Knowing at last we could cycle East we captured our Turkmenistan visa in Tehran and planned our remaining time in Iran.
Realising we hadn’t in fact done much cycling in the country, although we had already spent more than a month in it, we decided to get some cycling done in the Golestan natural park area before we hopped across the border to Turkmenistan.
We decided to hop on a bus to leave the madness of Tehran and head to Gorgan before cycling in the park. We asked around and got the impression the bus would arrive at around 19h, leaving us just about enough time to leave town and find somewhere to camp before it was due to get dark.
It turned out that we were perhaps being told instead they the bus ride would take 7h! Therefore we wouldn’t arrive until 22h instead, way past sunset and camping time. As we debated what to do on one of the bus pee breaks, a young woman approached us, offering us a place to stay in Gorgan.
This woman, named Roshan, together with her family and friends, turned out to be the most friendliest and warmest people we had ever met. We were originally going to stay one night, but with rain and such nice smiles we were easily convinced to stay two. During this time we felt at home like no where else. It was just so relaxed and without realising we felt like we were staying with friends or family.
We left Gorgan hearts filled and again surprised by the Iranian hospitality and ready for some cycling. As it turned out, Tom and Sabine, two other cyclists on a similar mission East had decided to do the same stretch in Golestan. Realising we were cycling only a few kilometres behind, we decided to pedal onwards and meet them in their camping spot in Golestan.
We met them in a calm forest clearing, their tents and camping chairs already set-up. We didn’t not know at the time, but these chairs would be items we would further encounter many times. With all the other Dutch cyclists we would meet along the way… All with chairs, all the exact same model…
After a night’s sleep with the wild boars of the park, we headed of into the jungle… Yes, Iranians like to think of it as a jungle, although it really it feels just like a forest… But I guess in such a hot and sometimes desert country, any big group of trees feels like a jungle. It is said that there are leopards inside, although the only we saw was the one on the road sign.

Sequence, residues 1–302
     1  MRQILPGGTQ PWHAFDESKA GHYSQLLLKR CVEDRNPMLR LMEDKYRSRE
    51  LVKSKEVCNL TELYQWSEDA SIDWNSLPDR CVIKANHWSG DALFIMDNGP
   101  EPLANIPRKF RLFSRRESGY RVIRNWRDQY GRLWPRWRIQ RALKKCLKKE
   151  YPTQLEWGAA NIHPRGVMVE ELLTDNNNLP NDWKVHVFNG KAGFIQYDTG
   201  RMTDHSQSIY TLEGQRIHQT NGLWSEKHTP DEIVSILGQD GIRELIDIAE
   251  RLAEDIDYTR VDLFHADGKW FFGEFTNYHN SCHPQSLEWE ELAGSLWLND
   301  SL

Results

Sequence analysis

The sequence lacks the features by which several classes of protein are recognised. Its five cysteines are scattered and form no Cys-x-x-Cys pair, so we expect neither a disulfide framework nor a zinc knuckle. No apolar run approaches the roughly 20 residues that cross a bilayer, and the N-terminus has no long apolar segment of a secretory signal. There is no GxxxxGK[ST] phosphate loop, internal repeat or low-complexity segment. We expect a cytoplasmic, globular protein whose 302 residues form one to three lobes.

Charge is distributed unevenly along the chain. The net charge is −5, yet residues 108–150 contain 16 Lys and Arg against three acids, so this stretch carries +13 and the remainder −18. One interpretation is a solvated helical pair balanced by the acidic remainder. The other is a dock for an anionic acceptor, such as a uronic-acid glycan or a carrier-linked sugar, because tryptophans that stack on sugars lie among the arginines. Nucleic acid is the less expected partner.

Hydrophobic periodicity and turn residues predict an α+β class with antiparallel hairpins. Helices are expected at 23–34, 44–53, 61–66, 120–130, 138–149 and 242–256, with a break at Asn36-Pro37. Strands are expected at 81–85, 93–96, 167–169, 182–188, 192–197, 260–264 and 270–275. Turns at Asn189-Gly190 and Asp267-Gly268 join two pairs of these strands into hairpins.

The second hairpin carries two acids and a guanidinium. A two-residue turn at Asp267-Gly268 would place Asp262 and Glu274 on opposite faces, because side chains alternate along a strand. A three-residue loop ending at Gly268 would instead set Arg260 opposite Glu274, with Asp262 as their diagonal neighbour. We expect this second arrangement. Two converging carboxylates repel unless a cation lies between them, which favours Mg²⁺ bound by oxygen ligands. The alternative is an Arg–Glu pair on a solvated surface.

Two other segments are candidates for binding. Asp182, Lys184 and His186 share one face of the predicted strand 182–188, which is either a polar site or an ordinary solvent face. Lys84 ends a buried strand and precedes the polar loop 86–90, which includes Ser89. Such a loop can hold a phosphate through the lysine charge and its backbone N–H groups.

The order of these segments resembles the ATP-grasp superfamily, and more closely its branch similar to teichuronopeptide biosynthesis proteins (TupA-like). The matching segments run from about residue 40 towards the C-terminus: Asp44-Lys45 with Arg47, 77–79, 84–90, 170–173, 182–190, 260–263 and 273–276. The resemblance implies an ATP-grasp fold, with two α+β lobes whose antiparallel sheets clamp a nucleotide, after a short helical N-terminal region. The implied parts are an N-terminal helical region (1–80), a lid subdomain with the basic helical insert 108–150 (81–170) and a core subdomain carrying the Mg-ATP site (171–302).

Although the stretch along the “jungle” was nice, with its green forestation and gorge like cliffs, as soon as we left it, the landscape became bare again and worse than that, we were met with most fierce headwind, making us wonder if we shouldn’t have just gone straight to the border.
Even so, we endured the wind in our pelaton and made our way East towards Bojnurd where we had planned to rest a bit before heading to the border. At last, efforts aside Sarah was feeling sick again so we ended up getting yet another ride in Iran towards town.
Only as we packed to leave did we finally discover the reason for all of Sarah’s recent spate of sickeneeses. In Persian the same word is used for both oats and barley, the last being poisonous to Sarah while the first quite okay. We had been basically poisoning Sarah unknowingly. Digging through our bags, we found to have half our breakfast stash to be poisoness to half of us. Mystery solved at least…
Given the mandatory entry date to Turkmenistan and the distance still between us and the also mandatory border point, we took yet another ride (it seems hard to cycle in Iran… ) to the big town just before. We casually slept in a parking lot in town, as you do, and headed to our last day of cycling in Iran.
Our last and as it happens, our best! We finally found the quiet beautiful road we had been looking for ever since we entered Iran. Amazing cliffs and mountains all along the road and, what seemed impossible after a month in the country, almost no cars!
The next day we were at the border as soon as it opened, changed our Rial to Manat, and were ready for our next adventure: Turkemenistan!